He points to Canadian Institute for Health Information data that indicates that while overall spending on mental illnesses nationally rose 25 per cent between 2009 and 2018, in Nova Scotia, it went up just 12 per cent in the same period.
“The province is experiencing a public health disaster masquerading as a success story,” said Sherry, adding that more attention should be paid to the consequences.
“We’re separating workers from employment in workplaces, children from school and sports and recreation, family from each other, and this is massively compromising the mental health of Nova Scotians,” he said in an interview.
Food and shelter insecurity often made the situation more acute across the region.
Joshua Smee of Food First NL, which assists food banks in Newfoundland and Labrador, said a survey of 60 food supply organizations last April indicated a 52 per cent increase in the number of clients compared with a year earlier.
Herbert Emberley, a 49-year-old single father in St. John’s, N.L., said in an interview his job opportunities evaporated and he was worried about having enough food for him and his nine-year-old daughter. “When the first lockdowns came, I felt really freaked out,” recalled the former cook, who has been unable to work in his old profession due to back problems.
His blood pressure and anxiety were rising as he scraped by on welfare. He depended on deliveries from a food bank and sought help from Stella’s Circle, a St. John’s program that assists citizens with housing, counselling and employment services.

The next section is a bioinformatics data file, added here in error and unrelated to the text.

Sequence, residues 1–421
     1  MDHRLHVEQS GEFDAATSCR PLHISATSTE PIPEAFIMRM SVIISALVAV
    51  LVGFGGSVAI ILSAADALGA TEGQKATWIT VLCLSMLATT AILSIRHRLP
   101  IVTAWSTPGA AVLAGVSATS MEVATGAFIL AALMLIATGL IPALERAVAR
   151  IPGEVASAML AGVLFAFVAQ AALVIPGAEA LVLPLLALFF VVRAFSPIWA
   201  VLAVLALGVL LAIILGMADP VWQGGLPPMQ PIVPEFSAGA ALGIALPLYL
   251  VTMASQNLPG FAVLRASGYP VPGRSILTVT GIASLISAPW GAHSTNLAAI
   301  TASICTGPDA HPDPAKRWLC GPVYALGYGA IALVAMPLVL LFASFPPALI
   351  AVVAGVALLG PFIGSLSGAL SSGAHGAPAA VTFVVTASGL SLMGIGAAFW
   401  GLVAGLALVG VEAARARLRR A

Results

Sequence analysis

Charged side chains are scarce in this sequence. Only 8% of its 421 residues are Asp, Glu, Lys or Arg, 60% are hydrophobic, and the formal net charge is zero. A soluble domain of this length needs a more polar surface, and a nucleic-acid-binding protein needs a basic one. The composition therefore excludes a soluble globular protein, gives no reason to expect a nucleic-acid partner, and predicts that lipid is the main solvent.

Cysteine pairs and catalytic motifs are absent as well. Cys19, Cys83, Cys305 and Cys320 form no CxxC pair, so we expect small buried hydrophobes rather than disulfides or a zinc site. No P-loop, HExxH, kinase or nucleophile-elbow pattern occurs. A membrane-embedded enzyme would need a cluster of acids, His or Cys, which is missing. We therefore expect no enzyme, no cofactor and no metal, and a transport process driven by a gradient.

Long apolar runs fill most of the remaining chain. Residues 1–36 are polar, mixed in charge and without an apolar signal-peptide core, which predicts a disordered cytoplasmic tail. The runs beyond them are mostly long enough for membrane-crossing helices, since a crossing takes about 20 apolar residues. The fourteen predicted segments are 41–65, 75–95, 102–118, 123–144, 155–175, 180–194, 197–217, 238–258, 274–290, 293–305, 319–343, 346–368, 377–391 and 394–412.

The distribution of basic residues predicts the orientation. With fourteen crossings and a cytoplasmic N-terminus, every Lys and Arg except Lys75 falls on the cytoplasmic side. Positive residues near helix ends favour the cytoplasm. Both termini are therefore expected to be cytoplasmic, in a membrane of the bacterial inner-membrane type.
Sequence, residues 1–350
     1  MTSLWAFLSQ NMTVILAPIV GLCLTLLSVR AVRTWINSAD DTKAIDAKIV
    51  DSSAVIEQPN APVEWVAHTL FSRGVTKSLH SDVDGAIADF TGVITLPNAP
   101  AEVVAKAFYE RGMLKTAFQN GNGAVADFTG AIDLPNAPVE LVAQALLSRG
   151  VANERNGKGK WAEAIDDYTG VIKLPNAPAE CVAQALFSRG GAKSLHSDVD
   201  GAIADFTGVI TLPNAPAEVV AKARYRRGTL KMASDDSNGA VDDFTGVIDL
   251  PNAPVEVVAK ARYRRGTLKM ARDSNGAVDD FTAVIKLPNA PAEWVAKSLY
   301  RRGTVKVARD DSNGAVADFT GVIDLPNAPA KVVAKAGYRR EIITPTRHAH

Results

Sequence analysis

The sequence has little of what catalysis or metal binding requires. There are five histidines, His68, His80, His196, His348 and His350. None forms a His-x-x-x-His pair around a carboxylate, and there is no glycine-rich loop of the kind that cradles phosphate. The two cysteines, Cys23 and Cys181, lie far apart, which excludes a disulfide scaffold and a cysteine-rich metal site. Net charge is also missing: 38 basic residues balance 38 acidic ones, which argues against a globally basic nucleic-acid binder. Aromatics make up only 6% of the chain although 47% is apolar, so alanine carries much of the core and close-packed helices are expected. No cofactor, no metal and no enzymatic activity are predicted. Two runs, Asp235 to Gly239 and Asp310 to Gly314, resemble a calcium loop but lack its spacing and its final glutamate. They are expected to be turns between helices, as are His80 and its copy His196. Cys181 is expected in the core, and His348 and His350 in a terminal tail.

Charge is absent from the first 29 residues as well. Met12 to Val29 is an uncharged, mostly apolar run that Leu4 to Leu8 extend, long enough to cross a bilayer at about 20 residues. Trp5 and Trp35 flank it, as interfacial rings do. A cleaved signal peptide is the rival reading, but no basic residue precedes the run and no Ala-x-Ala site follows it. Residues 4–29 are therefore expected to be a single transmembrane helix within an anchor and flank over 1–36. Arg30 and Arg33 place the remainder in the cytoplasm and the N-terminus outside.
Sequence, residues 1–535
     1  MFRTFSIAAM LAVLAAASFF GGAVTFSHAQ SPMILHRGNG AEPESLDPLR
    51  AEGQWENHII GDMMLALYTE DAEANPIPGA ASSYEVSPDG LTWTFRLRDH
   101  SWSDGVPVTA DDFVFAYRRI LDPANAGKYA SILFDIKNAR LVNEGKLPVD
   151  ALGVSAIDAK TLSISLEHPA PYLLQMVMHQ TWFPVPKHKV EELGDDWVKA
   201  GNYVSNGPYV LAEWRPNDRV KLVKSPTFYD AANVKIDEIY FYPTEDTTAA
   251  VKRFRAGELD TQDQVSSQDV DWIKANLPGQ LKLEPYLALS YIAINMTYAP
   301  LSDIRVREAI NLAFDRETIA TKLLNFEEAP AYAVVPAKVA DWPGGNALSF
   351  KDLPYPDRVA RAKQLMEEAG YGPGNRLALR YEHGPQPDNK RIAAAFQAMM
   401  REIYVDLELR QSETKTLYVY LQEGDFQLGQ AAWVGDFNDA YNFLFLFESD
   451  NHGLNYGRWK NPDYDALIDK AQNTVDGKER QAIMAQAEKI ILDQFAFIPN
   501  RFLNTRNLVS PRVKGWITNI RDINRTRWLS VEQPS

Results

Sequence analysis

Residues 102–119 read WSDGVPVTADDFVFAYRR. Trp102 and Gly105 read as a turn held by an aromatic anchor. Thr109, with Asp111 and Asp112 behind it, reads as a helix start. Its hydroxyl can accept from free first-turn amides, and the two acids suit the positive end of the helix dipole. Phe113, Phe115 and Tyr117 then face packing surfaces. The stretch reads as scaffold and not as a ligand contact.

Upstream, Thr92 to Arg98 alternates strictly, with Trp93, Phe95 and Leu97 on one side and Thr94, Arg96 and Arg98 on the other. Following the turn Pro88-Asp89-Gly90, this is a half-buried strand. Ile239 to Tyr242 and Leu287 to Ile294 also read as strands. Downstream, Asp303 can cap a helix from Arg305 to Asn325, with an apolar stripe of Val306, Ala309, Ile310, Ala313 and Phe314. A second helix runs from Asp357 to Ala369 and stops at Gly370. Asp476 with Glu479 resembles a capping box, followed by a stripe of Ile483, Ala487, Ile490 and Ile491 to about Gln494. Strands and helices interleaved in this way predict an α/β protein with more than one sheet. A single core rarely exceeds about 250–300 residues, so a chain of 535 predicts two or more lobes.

The program provided him with relaxation training to calm his mind, and a “transitions to work” program that has him once again applying for jobs.
“Newfoundlanders are outgoing and friendly, and to be isolated from everybody is not what we’re programmed to do,” he said.
The pandemic has forced some care providers to be creative. Matthew White, program leader for the acute care crisis support in Nova Scotia Health’s central zone, said resources were shifted from traditional in-person counselling to online and telephone support to meet demands for help.
Calls to the mental health crisis line were up by more than a third in the fall compared to the same period a year earlier, as clients shifted to phones, White said.
Despite the pressures, he said he and his staff were impressed by the inner strength of many clients. “They’ve had challenges in their lives, but they’re here, reaching out for support, and their resilience is unbelievable,” he said.
Still, MacLeod, the Halifax chef, worries about the future. She is hoping that, as subsidies and assistance dry up, her colleagues in the restaurant business don’t meet a fate similar to hers. And in St. John’s, Emberley calls for a tempering of rhetoric about the Atlantic success story as people pick up the pieces.
“You have to do what you got to do, because you have to prevent people passing away,” he said. “But we should have helped everybody else more with their mental health.”
This report by The Canadian Press was first published March 15, 2021.
Michael Tutton, The Canadian Press